15 September 1883 – 24 July 1915
The Eastland, one of five chartered excursion boats meant to ferry employees, their families and friends from Chicago over to the Michigan City shore for the annual Western Electric Company picnic, keeled over into the Chicago River while still at dock, trapping hundreds inside its hull and leading to the deaths of 844 of the 2,500 passengers aboard at the time of the incident which became known as The Eastland Disaster.
Lulu was born in Ohio to German immigrants Ralph and Hannah (Levine) Cierer in 1883. The family moved to Chicago at some point after that, and sadly, her mother died at the start of 1888. It’s unclear where in the birth order of siblings Lulu came as there isn’t enough information to trace the surviving siblings mentioned in her obituary, but her sister Hattie was five years her senior. She also had a sister named Rose, a brother Mitchell, and another sister who is listed only as “Mrs. T. Reens” in both Lulu and their father’s obituaries.
Ralph was 50 years old when Lulu was born and evidence suggests he arrived in the US in the early 1850s and worked as a cigar maker and dry goods salesman in Tennessee for several years. Prior to 1881, he moved to Cincinnati, Ohio, and prior to that he and Hannah married though it’s unclear where in the timeline this took place, possibly the mid-1870s.
Ralph remarried in 1889 to Eva Schloss, herself a widow and mother of two, but the couple had no children of their own.
Lulu married Charles Wolf, a German immigrant, in 1904. In 1900 she’d been living with her sister Hattie and her brother-in-law Ike Nussbaum and working as a clerk in a dry goods store – possibly her father’s. She continued to work after she wed Charles (called Charley on their marriage certificate) though with the gap between census records, it’s unclear if she did at some point stop before returning by 1910 to working, this time as a hotel clerk. That same year, Charles was working as a cutter in the garment industry and the couple had three lodgers. They had no children together.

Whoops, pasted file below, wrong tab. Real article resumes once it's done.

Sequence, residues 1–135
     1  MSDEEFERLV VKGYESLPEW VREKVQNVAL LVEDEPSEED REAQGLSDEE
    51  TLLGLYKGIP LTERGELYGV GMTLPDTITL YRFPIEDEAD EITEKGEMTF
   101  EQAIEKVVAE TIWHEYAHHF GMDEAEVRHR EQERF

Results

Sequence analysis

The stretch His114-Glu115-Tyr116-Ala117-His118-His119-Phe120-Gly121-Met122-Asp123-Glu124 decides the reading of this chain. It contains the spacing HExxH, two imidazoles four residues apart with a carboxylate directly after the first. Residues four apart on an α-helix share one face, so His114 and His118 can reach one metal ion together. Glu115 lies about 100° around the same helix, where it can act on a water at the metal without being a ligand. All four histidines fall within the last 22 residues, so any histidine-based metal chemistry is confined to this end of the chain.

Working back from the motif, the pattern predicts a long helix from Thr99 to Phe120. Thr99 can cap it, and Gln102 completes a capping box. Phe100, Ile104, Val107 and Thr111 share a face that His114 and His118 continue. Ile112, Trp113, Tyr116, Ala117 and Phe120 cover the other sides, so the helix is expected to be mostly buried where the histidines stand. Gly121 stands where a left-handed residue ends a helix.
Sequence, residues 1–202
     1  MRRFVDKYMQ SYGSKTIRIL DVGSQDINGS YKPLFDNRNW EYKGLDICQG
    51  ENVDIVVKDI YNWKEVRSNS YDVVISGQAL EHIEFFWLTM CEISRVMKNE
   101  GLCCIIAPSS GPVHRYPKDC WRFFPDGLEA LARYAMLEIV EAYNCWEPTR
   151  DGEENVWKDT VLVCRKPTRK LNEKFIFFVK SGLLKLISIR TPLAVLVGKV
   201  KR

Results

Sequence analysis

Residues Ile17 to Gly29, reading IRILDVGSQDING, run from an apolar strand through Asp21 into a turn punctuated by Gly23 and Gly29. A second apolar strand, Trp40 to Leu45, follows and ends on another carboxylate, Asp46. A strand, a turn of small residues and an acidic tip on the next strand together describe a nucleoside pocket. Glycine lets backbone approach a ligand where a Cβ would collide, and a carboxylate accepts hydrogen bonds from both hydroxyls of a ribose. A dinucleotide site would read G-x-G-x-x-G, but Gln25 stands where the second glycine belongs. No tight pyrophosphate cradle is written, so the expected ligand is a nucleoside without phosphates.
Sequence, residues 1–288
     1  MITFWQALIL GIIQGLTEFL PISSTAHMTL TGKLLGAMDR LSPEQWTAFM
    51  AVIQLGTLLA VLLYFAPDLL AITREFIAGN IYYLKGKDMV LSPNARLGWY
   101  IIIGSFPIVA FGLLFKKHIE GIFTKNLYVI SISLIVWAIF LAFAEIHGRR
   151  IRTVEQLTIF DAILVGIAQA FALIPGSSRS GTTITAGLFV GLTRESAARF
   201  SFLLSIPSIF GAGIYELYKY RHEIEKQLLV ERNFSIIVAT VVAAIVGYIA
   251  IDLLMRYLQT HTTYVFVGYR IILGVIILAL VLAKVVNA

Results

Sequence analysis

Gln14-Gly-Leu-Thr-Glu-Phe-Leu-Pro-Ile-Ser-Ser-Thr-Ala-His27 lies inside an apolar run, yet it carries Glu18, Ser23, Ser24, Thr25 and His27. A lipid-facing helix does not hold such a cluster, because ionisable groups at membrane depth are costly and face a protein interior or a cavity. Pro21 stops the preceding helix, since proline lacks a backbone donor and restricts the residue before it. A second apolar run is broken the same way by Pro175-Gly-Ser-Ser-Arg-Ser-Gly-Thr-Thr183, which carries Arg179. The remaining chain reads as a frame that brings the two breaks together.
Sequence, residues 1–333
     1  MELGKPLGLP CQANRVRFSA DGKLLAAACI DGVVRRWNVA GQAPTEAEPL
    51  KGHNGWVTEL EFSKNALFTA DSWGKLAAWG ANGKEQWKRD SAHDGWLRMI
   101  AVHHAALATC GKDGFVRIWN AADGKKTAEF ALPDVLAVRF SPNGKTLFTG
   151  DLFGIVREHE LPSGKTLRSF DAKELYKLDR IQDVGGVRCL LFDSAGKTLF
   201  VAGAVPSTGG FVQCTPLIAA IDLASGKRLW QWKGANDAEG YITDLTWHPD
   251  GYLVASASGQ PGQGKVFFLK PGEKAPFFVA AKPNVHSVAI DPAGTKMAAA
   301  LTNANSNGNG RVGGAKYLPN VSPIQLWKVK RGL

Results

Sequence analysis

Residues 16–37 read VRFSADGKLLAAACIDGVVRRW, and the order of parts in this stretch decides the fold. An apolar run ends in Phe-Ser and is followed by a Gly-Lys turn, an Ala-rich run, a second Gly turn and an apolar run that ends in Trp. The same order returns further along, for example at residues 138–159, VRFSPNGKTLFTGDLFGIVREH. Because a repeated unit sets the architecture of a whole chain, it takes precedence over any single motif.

According to the Red Cross records, by 1915, the couple were living with one of Lulu’s sisters again, it appears back with Hattie and Ike Nussbaum, and were contributing to the household. Hattie’s only child would have been 13 in 1915, and I like to think Lulu was a fond aunt. Charley had by that time, too, gotten a job at Western Electric. Both were on the Eastland when the disaster struck, but Charley suffered only minor injuries. Ike was the one who had the sad task of identifying Lulu’s body.
Charley’s life after Lulu was a bit wild – he remained a widower for about five years, but in early 1920 – just two weeks after she and her children were listed living with her first husband on the census, Charley ran off to Jefferson County, Alabama, and married May Lando Cohen, she styling herself as “Miss May Cohan” on the certificate. Her ex-husband (or still-husband) remarried one year later himself, so whatever the situation was with that relationship, something dramatic definitely took place.
In 1930, five of May’s six Cohen children (along with her and Charley’s only child, born in 1921) were living together, so one suspects that perhaps the 1920 census listed Mr. Cohen at home in error, and he had abandoned the family earlier. Whatever the case, the family seems to have taken May’s side in the breakup. Charley worked as a salesman (sometimes traveling) and supported a large household that included his stepchildren (some of whom were adults and also contributing to the household); step-son-in-law, sister-in-law, biological son, and his own sister. By 1940, only his son and youngest step-daughter were still at home. Charley died in 1949 and in spite of the placeholder inscription on Lulu’s headstone, he was buried elsewhere at Waldheim with May joining him 11 years later.
Lulu’s father died in 1922, mentioning all his children in the obituary. I cannot trace Lulu’s other three siblings, but Hattie lived into her 80s, outliving Ike by 22 years, dying in 1960 at which time, only sister Rose survived of the Cierer siblings.
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Thank you to the Eastland Disaster Historical Society for providing additional documentation in support of this project.